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Surge of Unaccompanied Minors Crossing Border Presents Education Challenges

As a record number of undocumented children from Central America flows across the U.S.-Mexico border without a parent or guardian, federal officials are scrambling to provide shelter, food, and other basic services to these youth while they are detained and await removal proceedings.

And after another weekend of surging numbers of children crossing into Texas overwhelmed U.S. Border Patrol facilities in the Rio Grande Valley, federal officials bused hundreds of the minors to a detention center in Nogales, Ariz., to temporarily house them before they are transferred to longer-term shelter facilities. A shelter at Lackland Air Force Base in San Antonio opened last month and is housing more than 1,200 children, while Obama administration officials have been working over the past week to open additional shelters in Ventura, Calif., and Ft. Sill, Okla.

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Once these undocumented children reach the longer-term facilities, however, they are officially in the care of the Department of Health and Human Services, and that agency is charged with providing them a range of basic services, including education. Even though they are in the United States illegally, federal law requires that these children receive an education that is appropriate for their needs, including instruction in the English language and in core academic subjects. Often, the schooling is provided to these children by local districts or nonprofit providers that work in partnership with the shelters.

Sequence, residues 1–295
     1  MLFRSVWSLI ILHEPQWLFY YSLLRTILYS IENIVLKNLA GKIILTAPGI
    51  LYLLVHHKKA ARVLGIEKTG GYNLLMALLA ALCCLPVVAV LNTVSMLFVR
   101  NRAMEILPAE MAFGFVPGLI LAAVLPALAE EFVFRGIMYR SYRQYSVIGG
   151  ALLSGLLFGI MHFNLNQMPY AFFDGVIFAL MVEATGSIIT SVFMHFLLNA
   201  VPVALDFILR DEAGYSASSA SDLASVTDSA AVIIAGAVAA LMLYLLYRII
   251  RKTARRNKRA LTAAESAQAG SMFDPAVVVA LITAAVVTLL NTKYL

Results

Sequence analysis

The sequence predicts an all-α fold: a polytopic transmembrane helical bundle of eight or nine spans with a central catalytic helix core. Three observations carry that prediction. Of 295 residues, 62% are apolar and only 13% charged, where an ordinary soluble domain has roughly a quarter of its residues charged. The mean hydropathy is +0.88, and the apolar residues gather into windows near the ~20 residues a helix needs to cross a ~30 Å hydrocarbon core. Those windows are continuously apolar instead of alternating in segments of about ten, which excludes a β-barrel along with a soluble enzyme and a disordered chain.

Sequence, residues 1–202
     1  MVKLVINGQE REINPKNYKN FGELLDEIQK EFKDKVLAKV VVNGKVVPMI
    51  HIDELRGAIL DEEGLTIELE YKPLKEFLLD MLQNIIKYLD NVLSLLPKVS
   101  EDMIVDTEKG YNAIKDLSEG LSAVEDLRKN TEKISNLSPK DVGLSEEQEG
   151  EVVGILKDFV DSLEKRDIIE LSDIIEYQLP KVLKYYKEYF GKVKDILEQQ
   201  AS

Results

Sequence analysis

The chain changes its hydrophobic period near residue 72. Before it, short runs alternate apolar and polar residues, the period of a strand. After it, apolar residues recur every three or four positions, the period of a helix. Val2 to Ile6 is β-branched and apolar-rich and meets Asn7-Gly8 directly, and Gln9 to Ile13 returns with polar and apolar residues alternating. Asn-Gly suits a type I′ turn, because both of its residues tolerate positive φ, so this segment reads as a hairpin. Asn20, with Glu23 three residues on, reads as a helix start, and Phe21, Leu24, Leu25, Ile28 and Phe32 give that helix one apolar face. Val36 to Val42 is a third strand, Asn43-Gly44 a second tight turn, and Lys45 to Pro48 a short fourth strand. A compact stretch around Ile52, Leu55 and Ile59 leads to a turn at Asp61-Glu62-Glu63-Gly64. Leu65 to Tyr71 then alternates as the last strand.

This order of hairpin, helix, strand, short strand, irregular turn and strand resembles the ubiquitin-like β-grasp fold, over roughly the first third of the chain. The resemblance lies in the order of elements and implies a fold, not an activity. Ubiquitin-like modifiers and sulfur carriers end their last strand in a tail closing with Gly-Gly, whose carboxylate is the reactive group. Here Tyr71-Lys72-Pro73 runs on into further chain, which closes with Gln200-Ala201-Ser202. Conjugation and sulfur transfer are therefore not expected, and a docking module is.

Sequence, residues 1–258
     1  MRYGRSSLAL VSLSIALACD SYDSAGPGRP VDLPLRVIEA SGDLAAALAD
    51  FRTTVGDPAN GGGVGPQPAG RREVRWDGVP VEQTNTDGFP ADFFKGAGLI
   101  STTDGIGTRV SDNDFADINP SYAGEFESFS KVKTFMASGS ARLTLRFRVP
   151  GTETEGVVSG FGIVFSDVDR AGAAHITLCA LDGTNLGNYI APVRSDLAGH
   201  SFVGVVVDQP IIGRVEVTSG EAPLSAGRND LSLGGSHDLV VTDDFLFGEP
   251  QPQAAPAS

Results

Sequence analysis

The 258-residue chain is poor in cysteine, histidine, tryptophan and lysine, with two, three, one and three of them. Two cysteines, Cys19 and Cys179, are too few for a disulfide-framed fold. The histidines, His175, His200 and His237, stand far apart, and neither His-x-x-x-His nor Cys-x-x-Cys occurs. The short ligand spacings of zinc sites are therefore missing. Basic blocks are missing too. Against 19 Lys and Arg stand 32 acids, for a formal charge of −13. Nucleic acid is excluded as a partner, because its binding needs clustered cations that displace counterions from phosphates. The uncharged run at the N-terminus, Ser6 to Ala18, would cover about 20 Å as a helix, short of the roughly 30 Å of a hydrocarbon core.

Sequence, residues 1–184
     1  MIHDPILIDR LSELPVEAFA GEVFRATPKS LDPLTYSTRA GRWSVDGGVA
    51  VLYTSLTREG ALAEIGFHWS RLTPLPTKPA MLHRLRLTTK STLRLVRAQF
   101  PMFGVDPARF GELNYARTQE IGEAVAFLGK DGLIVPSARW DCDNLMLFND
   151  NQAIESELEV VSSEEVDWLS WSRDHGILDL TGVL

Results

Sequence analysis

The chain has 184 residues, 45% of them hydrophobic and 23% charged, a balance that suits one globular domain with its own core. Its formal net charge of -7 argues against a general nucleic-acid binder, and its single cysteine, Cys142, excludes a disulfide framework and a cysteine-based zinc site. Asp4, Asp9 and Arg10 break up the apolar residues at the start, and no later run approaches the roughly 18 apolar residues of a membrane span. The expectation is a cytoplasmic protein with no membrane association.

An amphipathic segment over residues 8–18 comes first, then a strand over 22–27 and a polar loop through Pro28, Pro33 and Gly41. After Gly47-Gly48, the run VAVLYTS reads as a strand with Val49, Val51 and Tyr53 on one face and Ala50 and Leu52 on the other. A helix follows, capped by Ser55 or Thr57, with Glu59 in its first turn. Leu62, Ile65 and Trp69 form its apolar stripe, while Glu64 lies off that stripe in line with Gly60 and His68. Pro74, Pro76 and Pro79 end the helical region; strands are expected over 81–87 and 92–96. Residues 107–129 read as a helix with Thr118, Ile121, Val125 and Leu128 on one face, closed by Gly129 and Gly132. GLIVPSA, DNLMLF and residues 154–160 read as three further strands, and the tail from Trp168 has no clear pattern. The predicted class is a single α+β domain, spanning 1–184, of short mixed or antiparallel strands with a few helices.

But whether federal officials have been able to ramp up resources to expand schooling services for the rapid influx of school-age children and youth isn't yet clear. Senior officials in the Obama administration acknowledged in a call with reporters on Monday that they are struggling just to process and initiate removal proceedings for the recent wave of unaccompanied minors within the 72 hours required under federal law. Senior administration officials said the sheer volume of unaccompanied minors who came through the Rio Grande Valley border sector in May—mostly from Honduras, Guatemala, and El Salvador—has kept federal immigration authorities from meeting the requirement that children be transferred to Health and Human Services custody and care within 72 hours. Instead,  the officials said, they have had to focus on providing hot meals and shower facilities.

There's little doubt that it will take weeks, if not months, for federal officials to either send these children back home or unite them with a parent or guardian in the United States. In the meantime, that means they are likely to have to scale up education services for this very fragile population of students.

This fiscal year, the number of unaccompanied minors crossing into the United States is expected to reach 60,000. Obama administration officials attribute much of the rising tide of children crossing the border alone to escalating violence in Honduras, Guatemala, and El Salvador. Rumors that children who make it safely across the border will be able to stay in the United States indefinitely are unfounded, they said.

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